Jasmine at Bellagio
Jasmine serves traditional Hong Kong Cantonese food in a beautiful setting overlooking the lake at Bellagio. The dining room is filled with authentic and replica Chinese art.

Enjoy the view while you dine on things like crispy eggplant and pan seared scallops. Barbecue options include the signature Imperial Peking duck and Szechuan roasted chicken.

There’s live seafood available including Maine lobster, Dungeness crab and Santa Barbara prawns. Meat lovers will appreciate the braised Kobe short ribs, wok-fried flank steak and braised spareribs.

China MaMa, 3420 S. Jones Blvd.
If you’re looking for authentic Chinese favorites, head to China MaMa in Chinatown. The popular restaurant serves things like spicy pig ear, stewed beef shank, hot and sour soup, a variety of rice dishes and hand-pulled noodles including chicken chow mein, beef chow mein and beef stew noodle soup.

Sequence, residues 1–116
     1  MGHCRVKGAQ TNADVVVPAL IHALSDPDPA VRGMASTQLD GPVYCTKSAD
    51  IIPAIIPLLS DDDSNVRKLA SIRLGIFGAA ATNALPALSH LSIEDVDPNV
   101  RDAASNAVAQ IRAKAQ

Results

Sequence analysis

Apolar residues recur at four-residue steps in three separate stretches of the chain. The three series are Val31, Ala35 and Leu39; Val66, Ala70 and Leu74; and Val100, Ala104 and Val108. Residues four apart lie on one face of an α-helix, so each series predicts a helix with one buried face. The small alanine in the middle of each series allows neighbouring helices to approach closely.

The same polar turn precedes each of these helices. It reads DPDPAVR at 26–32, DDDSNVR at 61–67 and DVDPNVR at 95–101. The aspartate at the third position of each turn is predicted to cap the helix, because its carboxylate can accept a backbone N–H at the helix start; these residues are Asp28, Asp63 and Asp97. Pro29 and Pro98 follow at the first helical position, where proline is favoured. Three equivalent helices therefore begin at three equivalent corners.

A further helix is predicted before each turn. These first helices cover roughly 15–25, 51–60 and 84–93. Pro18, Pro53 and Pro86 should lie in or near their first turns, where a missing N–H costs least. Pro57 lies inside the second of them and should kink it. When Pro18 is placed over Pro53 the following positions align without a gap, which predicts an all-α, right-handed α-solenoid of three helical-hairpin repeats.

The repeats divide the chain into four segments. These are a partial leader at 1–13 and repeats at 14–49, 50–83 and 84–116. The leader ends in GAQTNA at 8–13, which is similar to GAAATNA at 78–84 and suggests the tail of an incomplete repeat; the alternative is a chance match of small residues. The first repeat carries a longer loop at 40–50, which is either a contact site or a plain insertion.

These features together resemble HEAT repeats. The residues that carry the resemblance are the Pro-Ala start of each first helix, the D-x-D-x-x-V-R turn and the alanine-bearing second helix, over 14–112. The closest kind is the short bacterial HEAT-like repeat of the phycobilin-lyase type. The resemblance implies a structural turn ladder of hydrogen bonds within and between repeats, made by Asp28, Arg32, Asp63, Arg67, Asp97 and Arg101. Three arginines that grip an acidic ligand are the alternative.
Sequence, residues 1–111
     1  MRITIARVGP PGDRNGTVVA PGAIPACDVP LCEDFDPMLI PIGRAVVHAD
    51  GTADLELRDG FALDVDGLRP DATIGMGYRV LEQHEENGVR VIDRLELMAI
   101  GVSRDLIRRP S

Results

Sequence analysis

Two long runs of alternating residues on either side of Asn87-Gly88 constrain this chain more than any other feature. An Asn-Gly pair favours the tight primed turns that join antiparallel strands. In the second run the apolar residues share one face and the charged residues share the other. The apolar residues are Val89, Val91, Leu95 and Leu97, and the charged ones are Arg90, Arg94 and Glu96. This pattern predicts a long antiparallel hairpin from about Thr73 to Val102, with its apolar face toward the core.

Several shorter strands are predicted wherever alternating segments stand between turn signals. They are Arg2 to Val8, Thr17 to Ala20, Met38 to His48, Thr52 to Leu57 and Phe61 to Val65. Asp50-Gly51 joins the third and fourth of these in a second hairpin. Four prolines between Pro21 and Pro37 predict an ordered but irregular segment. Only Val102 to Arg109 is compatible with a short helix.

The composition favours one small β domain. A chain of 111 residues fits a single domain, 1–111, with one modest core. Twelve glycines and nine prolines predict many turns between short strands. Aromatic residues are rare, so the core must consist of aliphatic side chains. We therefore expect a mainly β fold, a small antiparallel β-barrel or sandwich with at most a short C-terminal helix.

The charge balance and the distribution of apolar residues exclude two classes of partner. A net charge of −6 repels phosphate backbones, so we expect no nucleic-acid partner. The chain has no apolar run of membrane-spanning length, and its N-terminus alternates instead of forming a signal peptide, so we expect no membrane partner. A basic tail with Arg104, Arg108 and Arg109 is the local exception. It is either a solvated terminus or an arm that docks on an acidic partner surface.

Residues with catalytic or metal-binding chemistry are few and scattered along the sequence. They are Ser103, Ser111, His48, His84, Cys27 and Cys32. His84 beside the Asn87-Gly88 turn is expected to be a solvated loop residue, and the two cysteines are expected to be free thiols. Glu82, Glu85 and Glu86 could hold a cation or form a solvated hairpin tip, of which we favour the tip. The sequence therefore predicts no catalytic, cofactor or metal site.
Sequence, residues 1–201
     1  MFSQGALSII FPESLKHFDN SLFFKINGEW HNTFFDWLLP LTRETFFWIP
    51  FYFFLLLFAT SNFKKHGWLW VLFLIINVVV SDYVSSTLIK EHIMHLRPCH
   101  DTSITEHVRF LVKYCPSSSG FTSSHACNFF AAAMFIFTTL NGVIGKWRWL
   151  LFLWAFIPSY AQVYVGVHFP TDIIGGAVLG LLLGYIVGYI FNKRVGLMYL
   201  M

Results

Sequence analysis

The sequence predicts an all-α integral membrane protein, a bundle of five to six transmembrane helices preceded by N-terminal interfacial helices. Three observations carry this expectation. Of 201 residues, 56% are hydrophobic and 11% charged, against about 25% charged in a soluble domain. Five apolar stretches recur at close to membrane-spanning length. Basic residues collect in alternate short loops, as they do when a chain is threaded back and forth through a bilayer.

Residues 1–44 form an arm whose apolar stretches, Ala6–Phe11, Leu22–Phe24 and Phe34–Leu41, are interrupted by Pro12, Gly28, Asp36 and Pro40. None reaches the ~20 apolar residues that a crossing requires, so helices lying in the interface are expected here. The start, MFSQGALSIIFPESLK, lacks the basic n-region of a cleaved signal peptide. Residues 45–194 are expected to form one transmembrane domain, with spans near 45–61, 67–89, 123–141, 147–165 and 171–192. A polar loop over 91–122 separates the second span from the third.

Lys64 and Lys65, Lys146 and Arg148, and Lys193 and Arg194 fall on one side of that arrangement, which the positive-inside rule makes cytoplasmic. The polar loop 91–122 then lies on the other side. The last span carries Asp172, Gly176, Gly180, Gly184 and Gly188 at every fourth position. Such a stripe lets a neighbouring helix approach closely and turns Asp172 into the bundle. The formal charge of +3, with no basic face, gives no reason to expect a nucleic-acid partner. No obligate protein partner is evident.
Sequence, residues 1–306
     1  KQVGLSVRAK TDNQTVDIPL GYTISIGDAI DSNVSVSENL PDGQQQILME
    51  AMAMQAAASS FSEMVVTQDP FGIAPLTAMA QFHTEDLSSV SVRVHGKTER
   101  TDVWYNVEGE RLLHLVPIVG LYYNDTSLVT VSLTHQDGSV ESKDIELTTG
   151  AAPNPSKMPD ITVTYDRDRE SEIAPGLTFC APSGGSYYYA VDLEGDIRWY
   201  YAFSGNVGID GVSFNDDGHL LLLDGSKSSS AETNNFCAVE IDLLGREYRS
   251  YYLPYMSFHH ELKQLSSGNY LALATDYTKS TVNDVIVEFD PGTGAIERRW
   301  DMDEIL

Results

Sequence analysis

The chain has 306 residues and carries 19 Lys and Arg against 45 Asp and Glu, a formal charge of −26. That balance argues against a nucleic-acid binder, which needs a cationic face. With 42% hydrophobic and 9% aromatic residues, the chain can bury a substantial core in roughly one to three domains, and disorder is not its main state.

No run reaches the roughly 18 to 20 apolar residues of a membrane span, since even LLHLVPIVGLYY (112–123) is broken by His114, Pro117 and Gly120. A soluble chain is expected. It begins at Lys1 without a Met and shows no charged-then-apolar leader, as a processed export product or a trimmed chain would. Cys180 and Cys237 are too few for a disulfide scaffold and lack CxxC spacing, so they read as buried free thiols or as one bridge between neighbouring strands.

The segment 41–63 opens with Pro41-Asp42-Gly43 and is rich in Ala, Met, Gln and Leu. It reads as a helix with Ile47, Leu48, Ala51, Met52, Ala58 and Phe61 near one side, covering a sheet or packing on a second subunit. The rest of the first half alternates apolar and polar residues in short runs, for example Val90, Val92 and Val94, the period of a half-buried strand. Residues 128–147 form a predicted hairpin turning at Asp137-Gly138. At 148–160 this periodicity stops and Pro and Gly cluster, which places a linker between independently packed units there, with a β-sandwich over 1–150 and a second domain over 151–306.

For dessert, try the red bean pancakes and steamed red bean buns.

Enjoy a menu full of live seafood options at Joyful House. Photo courtesy of Joyful House.

Enjoy a menu full of live seafood options at Joyful House. Photo courtesy of Joyful House.

Joyful House, 4601 Spring Mountain Rd.
This restaurant, located in Chinatown, is the real deal with authentic Chinese cuisine.

You’ll find things like shark fin and a variety of abalone and sea cucumber dishes including fresh abalone in oyster sauce, dried sea cucumber in oyster sauce, sliced abalone with seasonal greens, and braised sea cucumber with black mushrooms.

There are a lot of live seafood choices like Pacific lobster, Alaskan king crab, Australian lobster and New Zealand crystal crab.

For those who aren’t seafood fans there are plenty of beef and poultry options such as beef tenderloin mignon and portabello mushroom in black pepper sauce, orange blossom beef and spicy Mongolian beef. You can also enjoy the classic Imperial Peking duck, steamed free range chicken and sizzling chicken in black bean sauce.

The extensive menu also includes noodles, rice, vegetables and tofu, as well as clay pot meals.

Lao Sze Chuan at the Palms
If you like things spicy, you’ll want to try Lao Sze Chuan, named after the province from where the spicy cuisine originates.